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close this bookThe Condition of Young Children in Sub-Saharan Africa: The Convergence of Health, Nutrition, and Early Education (WB, 1996, 64 p.)
close this folder2. The status of children In sub-Saharan Africa
View the document(introduction...)
View the documentProgress in human development
View the documentPhysical needs: Survival, health, and nutrition
View the documentEducational profile
View the documentEarly interventions, school readiness and subsequent performance
View the documentThe challenge ahead
View the document3. What can early childhood development programs do?
View the documentImproving child quality
View the documentIncreasing the efficiency of primary and secondary school investments
View the documentEnhancing the economic contribution of the child to society
View the documentReducing social inequity
View the documentAddressing the intersecting needs of women and children
View the documentCreating synergistic effects of health, nutrition, and early stimulation

Early interventions, school readiness and subsequent performance

One of the key factors contributing to primary school inefficiency is that most of the African children are not adequately prepared for schooling when they enter the first grade. Many of them enter the school system malnourished from inadequate food intake, weakened by illnesses and having received little cognitive stimulation as toddlers. Little or no attention has been paid to early developmental needs, especially in poor households. Child quality, those characteristics the learner brings to the classroom that play a significant role in determining school outcomes, is not ensured. The inadequacy of school readiness is reflected not in a child's lack of knowledge about letters and numbers, nor in basic school-related skills such as following instructions or sitting still, but more important, in the capacity of the child to process and respond to stimuli.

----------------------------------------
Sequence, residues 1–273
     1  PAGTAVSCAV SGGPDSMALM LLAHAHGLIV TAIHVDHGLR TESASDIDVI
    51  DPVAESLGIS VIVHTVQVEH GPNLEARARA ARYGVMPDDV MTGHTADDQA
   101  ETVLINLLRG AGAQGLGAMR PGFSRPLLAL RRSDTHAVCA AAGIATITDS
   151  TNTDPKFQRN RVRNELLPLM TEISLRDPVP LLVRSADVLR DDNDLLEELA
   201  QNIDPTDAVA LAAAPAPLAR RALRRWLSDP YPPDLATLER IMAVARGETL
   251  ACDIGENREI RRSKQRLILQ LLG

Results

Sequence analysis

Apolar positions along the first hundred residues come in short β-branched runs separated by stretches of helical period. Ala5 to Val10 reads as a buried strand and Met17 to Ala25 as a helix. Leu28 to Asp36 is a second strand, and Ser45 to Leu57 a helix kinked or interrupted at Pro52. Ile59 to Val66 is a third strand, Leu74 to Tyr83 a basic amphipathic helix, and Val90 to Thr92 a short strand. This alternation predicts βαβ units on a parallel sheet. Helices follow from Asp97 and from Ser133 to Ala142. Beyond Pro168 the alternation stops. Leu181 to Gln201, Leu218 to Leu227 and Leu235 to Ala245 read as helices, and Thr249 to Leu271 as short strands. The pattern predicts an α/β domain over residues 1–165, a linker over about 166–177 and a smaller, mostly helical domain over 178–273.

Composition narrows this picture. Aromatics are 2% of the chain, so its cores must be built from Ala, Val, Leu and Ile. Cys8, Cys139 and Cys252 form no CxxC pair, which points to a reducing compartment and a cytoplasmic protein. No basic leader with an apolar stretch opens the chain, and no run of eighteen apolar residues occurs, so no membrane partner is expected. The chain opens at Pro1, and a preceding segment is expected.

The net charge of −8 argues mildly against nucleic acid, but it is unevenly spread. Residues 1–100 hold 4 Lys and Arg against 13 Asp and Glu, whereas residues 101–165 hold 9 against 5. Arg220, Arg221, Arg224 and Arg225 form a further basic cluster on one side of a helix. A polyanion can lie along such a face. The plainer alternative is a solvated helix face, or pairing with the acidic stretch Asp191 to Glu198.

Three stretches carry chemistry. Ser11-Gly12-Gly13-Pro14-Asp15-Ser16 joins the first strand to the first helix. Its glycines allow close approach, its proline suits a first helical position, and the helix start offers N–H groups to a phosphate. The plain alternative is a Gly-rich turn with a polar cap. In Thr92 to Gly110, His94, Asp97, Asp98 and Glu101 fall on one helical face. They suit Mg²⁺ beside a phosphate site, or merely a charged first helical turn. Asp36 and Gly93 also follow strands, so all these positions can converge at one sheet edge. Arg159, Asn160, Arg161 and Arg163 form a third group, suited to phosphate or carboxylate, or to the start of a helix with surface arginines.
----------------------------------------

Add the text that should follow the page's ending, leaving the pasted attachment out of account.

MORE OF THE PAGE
When a child gets proper nutrition, health care, and stimulation during the preschool years, the quality of the child sitting in the classroom improves, Active Learning Capacity (ACL) - or propensity and ability to interact with and take optimal advantage of the full complement of resources offered by any formal or informal learning environment - improves. Thus the efficiency of learning improves (Levinger 1994, 1995). However, children in Sub-Saharan Africa are plagued by poor nutrition and inadequate health practices resulting in inadequate ALC for primary schooling. In addition, the heavy work-load at home, especially on girl-children, has resulted in high rates of absenteeism from school. The poor quality of schooling has already been mentioned.